1922 Encyclopædia Britannica/Beilby, Sir George Thomas

From Wikisource
Jump to navigation Jump to search

See also George Thomas Beilby on Wikipedia, and the disclaimer.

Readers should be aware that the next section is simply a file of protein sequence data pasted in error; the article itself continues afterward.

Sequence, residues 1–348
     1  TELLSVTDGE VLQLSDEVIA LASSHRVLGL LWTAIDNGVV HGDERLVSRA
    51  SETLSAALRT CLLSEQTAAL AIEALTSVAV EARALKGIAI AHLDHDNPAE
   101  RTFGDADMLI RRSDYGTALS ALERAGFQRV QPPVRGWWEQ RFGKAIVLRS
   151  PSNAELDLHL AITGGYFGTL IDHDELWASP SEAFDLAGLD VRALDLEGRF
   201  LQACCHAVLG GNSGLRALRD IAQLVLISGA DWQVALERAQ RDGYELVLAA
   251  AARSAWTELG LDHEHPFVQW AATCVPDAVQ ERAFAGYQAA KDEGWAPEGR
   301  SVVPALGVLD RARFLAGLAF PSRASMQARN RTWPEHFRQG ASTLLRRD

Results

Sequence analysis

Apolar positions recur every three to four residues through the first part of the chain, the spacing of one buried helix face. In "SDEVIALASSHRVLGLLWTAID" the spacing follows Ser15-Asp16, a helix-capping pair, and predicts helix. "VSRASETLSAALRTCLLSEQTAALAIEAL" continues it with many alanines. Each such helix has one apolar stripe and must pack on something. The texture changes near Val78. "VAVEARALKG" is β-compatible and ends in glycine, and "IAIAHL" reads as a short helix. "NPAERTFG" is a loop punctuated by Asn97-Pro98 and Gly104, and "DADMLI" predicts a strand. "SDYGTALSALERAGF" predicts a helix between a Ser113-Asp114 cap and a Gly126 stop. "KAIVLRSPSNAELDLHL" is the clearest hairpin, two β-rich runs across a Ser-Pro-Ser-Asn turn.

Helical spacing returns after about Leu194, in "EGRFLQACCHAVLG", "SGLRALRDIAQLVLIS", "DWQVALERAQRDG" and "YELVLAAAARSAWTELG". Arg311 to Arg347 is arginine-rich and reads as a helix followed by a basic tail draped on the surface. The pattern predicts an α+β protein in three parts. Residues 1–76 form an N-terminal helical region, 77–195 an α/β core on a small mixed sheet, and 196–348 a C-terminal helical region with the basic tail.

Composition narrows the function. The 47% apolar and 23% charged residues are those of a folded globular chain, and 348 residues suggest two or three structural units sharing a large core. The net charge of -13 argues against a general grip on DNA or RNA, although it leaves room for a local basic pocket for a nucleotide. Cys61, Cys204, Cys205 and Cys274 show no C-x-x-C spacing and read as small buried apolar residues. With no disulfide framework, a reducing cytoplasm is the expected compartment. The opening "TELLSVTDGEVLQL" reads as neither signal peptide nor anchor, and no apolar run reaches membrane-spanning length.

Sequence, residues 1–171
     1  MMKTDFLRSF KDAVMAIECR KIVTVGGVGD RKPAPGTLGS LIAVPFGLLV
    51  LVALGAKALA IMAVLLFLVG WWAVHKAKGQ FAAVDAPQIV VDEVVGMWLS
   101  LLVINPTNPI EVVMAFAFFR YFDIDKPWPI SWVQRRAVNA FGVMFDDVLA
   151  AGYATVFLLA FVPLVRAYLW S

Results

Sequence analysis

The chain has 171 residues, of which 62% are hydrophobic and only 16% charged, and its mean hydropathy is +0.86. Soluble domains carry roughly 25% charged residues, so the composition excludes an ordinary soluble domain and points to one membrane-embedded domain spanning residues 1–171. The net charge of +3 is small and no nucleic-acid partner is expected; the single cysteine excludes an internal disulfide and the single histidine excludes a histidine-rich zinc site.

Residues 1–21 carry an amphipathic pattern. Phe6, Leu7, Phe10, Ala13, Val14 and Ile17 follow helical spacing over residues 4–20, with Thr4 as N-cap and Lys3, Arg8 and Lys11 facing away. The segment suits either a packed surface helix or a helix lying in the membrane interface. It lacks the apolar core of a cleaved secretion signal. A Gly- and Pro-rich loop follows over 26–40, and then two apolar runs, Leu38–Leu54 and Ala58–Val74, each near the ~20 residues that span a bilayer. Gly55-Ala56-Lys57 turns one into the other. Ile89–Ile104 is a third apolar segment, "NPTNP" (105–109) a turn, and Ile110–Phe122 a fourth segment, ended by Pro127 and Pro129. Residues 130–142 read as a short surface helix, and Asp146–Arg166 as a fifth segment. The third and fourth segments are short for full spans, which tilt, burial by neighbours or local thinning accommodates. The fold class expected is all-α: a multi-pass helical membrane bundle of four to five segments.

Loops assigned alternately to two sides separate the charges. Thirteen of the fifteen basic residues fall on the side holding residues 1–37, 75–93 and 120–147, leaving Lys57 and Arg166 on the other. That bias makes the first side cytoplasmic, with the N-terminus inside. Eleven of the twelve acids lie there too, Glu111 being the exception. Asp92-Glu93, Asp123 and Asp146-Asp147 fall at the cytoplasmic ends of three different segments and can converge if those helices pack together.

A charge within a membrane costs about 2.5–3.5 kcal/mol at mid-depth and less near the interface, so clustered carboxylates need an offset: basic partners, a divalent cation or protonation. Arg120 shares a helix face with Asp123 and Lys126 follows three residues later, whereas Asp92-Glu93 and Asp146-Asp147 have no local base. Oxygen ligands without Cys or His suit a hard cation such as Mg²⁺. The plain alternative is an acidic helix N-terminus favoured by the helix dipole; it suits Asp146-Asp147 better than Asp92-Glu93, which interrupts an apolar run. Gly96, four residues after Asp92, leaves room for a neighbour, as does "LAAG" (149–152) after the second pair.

BEILBY, SIR GEORGE THOMAS (1850- ), British physicist, was born at Edinburgh Nov. 17 1850, his father being a physician. He was educated at Edinburgh University and trained as a civil engineer. When quite young he developed, in collaboration with the late William Young, a new method of retorting oil shale, in which by carrying out the operation in two stages, each at the most suitable temperature, most of the fixed nitrogen in the spent shale, which had previously been lost, was obtained as sulphate of ammonia. Between 1881 and 1894 this method entirely displaced the older methods of retorting, and the industry was enabled to hold its own in competition with imported petroleum products. In 1891 Beilby invented and developed a new synthetic process for the manufacture of the cyanides of potassium and sodium, by the use of which gold and silver are recovered from their ores. The cyanides are produced by passing ammonia gas through a molten mixture of the carbonates of the alkalis with charcoal, at a temperature of 850° C. An important British industry was founded on this process, the first factory being opened at Leith in 1891. Beilby was elected F.R.S. in 1906. He was president of the Society of Chemical Industry in 1899, of the chemical section of the British Association in 1905, of the Institute of Chemistry in 1909–12, and of the Institute of Metals in 1916-8. In 1912 he was a member of the Royal Commission on Fuel and Engines for the Navy. During the World War he was a member of the Admiralty Board of Inventions and Re- search. He was knighted in 1916. He published many scientific and technical papers, and also The Aggregation and Flow of Solids (1921).